A study published in October 2017 looks at how the demands of carbon forestry interact with the needs of community-based natural resource management. The study looks at one of the oldest village-based forest reserves in Tanzania, the Duru-Haitemba Villages Land Forest Reserve, in northern Tanzania. The Forest Reserve covers a total area of 9,045 hectares.
The study, “Learning from the other: Benefit sharing lessons for REDD+ implementation based on CBFM experience in Northern Tanzania”, is published in Land Use Policy, and is written by Thabit Jacob (Dodoma University, Tanzania, and Roskilde University Denmark) and Dan Brockington (Sheffield University, UK).
Fieldwork for the study was carried out mainly by Jacob between January and April 2012. Brockington visited in late 2012 and early 2013.
The authors write that the forest sector in Africa has seen two transformations in the past 25 years. The first involves “participatory forest management, devolved governance and co-management of state owned forest and the formation of village-owned, managed and run forest reserves”. The second, is a “nascent revolution of purpose and funding which sees forests and trees transformed into carbon and carbon credits.”
Jacob and Brockington note the importance of considering how a focus on carbon will affect community based forest management (CBFM). “The literature is both optimistic and pessimistic,” they write.
Elite capture in community based forest management
Of course community based forest management is not without its complications. Jacob and Brockington write that,
Inequitable distributions of costs and benefits, and unjust procedures for determining them can be determined at the village level. Oppression can be locally driven and organized.
It is thus a common critique of CBFM that new initiatives can serve to reinforce existing power hierarchies and inequalities in communities rather than bring about equitable sharing of social and economic benefits associated with forest resources (Brosius et al., 2005).
Specifically, relating to Tanzania, they write that,
And in Tanzania research to date suggests that unless CBFM deliberately targets poorer community members, they likely could receive insignificant benefits from forest management efforts, and could even be negatively affected as a result of REDD+ forest related activities (Blomley and Iddi 2009; Green and Lund 2015).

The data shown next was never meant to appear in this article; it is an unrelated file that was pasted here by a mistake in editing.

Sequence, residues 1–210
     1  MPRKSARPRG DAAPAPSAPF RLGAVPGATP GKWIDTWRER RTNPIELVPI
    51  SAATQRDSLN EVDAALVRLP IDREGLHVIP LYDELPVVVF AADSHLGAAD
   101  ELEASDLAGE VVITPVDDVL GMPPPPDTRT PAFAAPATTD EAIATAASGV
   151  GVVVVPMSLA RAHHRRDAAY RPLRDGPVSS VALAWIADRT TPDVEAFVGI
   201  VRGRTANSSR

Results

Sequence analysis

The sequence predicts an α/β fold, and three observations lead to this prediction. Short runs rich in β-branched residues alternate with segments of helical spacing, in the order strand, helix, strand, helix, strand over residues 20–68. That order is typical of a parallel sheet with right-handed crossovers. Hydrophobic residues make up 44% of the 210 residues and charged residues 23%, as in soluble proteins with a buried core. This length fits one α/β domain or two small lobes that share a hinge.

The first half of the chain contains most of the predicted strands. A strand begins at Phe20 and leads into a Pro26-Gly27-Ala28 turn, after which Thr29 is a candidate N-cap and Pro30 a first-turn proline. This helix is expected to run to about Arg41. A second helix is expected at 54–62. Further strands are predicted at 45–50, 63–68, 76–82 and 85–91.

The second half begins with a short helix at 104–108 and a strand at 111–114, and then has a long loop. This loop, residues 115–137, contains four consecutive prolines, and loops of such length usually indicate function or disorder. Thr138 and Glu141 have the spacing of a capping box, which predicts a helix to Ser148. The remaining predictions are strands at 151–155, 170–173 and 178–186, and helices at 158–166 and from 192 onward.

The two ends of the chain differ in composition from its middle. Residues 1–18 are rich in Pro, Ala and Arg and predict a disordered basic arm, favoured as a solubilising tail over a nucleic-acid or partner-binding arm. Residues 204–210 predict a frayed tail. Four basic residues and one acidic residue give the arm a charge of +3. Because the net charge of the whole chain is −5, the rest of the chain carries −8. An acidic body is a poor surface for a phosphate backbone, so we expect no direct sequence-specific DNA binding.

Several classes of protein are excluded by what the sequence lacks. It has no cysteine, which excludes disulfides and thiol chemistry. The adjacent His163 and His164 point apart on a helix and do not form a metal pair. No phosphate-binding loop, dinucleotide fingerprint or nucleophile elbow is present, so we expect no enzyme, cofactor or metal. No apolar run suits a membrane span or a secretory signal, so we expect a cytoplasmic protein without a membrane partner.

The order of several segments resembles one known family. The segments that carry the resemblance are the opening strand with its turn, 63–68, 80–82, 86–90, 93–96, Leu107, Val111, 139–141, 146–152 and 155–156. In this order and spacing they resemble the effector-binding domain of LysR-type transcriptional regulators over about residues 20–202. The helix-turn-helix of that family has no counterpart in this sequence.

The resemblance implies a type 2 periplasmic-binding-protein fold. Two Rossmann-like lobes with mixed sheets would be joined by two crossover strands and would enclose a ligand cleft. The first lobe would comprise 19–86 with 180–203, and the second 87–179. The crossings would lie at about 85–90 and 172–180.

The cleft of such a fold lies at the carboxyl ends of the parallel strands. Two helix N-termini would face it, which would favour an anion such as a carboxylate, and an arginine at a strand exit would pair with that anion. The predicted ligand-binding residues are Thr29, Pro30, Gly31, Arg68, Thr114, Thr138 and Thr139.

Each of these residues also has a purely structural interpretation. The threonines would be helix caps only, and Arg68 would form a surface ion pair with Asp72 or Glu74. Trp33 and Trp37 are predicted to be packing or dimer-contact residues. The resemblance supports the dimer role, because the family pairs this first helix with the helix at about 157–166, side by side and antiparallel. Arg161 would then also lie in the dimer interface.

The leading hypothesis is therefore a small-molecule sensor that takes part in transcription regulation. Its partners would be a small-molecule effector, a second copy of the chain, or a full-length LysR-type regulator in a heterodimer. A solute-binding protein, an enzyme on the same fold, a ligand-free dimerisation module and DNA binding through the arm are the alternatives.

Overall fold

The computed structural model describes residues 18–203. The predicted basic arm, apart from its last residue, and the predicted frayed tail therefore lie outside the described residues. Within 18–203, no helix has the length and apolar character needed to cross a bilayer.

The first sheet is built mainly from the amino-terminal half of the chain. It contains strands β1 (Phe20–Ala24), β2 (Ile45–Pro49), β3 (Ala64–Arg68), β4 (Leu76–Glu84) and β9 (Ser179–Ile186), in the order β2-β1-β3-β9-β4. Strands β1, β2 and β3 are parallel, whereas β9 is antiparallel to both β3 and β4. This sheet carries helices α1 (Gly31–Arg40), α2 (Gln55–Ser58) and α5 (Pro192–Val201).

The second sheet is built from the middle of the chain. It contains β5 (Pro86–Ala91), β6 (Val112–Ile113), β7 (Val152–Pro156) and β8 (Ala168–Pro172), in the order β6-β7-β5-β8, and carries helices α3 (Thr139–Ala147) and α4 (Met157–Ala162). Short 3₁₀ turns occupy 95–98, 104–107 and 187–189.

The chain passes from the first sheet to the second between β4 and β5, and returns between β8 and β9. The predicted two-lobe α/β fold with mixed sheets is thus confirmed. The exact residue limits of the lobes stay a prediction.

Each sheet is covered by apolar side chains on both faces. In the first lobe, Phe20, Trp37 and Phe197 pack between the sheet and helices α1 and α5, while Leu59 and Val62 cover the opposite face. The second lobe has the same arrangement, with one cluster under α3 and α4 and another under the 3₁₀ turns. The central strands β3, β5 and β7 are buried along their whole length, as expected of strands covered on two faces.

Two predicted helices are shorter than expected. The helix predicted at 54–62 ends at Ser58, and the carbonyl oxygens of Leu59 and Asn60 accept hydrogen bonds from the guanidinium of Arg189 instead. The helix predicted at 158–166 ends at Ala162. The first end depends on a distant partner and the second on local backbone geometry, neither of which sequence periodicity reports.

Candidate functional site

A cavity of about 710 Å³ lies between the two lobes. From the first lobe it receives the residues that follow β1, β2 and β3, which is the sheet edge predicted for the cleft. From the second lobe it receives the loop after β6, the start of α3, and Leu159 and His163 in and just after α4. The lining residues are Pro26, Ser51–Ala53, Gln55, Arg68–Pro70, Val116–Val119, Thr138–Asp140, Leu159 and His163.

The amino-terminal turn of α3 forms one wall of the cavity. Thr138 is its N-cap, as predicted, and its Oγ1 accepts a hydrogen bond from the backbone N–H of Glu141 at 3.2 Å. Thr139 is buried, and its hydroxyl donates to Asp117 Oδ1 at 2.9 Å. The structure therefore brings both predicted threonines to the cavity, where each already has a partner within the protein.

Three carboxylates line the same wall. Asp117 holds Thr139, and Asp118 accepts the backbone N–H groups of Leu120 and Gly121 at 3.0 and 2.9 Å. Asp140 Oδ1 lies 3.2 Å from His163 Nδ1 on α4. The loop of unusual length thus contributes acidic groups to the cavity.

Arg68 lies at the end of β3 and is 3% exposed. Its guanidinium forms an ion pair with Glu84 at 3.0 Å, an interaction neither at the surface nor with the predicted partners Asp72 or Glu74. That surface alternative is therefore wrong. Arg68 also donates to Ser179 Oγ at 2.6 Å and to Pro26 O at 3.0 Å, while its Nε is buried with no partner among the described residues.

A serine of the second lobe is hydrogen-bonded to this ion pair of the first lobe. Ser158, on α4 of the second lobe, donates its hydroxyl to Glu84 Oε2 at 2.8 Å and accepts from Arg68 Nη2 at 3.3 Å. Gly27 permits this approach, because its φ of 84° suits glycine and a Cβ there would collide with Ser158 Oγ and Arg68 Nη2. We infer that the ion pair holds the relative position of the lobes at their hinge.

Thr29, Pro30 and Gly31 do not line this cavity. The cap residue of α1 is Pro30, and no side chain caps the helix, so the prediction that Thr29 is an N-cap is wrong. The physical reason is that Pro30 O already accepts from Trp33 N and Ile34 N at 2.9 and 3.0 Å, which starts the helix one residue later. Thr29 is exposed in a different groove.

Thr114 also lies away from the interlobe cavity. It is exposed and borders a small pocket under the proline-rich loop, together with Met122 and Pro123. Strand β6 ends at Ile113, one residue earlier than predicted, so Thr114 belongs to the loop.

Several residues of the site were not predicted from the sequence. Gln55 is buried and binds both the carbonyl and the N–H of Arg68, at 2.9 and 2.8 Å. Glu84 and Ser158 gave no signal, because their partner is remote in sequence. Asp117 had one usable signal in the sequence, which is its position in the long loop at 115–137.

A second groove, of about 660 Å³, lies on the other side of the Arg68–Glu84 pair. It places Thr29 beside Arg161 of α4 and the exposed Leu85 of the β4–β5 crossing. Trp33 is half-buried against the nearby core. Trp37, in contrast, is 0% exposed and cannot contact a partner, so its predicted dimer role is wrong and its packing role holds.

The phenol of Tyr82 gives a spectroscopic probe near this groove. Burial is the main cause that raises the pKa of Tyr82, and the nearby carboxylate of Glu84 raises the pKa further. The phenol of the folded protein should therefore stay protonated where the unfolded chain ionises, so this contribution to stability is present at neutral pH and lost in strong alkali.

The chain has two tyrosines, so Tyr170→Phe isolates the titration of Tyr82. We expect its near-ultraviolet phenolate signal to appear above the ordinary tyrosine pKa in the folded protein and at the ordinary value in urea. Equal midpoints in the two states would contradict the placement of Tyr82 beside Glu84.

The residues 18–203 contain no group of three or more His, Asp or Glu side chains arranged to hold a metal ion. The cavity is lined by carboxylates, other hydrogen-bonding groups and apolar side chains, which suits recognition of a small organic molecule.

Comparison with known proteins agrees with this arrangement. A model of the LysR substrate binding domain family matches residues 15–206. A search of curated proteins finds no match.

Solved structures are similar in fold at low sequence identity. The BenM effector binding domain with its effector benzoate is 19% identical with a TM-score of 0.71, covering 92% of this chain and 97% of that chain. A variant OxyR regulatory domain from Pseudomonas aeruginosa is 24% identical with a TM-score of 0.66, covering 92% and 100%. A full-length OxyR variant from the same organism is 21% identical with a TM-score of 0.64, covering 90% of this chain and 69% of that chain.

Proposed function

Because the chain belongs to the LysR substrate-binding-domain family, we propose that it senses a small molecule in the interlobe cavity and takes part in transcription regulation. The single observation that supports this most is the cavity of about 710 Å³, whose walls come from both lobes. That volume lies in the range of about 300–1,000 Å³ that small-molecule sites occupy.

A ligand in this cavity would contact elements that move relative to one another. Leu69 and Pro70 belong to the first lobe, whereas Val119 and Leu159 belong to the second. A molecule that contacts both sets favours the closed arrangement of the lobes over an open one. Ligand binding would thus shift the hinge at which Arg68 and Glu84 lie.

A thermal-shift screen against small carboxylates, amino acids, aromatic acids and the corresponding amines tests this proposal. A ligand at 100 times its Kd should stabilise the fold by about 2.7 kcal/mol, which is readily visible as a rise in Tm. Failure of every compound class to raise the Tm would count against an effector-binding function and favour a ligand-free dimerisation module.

Jacob and Brockington argue that under the participatory forest management regimes set up in the 1990s, governance arrangements improved in Tanzania. But problems of elite capture are now resurfacing. Adding carbon payments could increase the rewards for elite capture. It could increase local resistance to elite capture. “It does make clear the importance of bolstering mechanisms of oversight as REDD+ unfolds”, they write.
Benefit sharing in two villages in Duru-Hatiemba
Jacob chose two villages in the Duru-Haitemba Villages Land Forest Reserve: Ayasanda and Riroda, both of which have populations of about 3,000.
Ayasanda was chosen because it had received a carbon payment in the past. A research project called Kyoto: Think Global Act Local Project ran from 2003 to 2008 and set up trial carbon payments in four villages in different parts of Tanzania. Ayasanda received US$1,750 and decided to build a new school.
Financial benefits in both villages come mainly from fines and charges collected from harvesting forest products. Villagers insisted that the financial benefits were not well distributed. Jacob and Brockington write that,
Most of the income collected is used to support financial and administrative needs of the village government including the VNRC.
But there were non-monetary benefits such as access to non-timber forest products.
The Village Natural Resources Committee chairman in Riroda told Jacob that,
“The money we are getting is too small and it all ends up in paying for meetings and patrol allowances. Villagers have been enjoying non-monetary benefits for many years now; they would like enjoy other benefits especially monetary benefits. Currently I can’t talk of benefits sharing while there is nothing to share with the villagers.”
In Ayasanda, 54% of the people that Jacob interviewed told him that forest benefits were shared with villagers. In Riroda, only 23% thought that benefits were well shared. Jacob and Brockington argue that,
This may be to a large extent associated with the outcomes of the K:TGAL project which brought in carbon payments, and also brought the villagers together to deliberate the best way to allocate the funds received from those payments.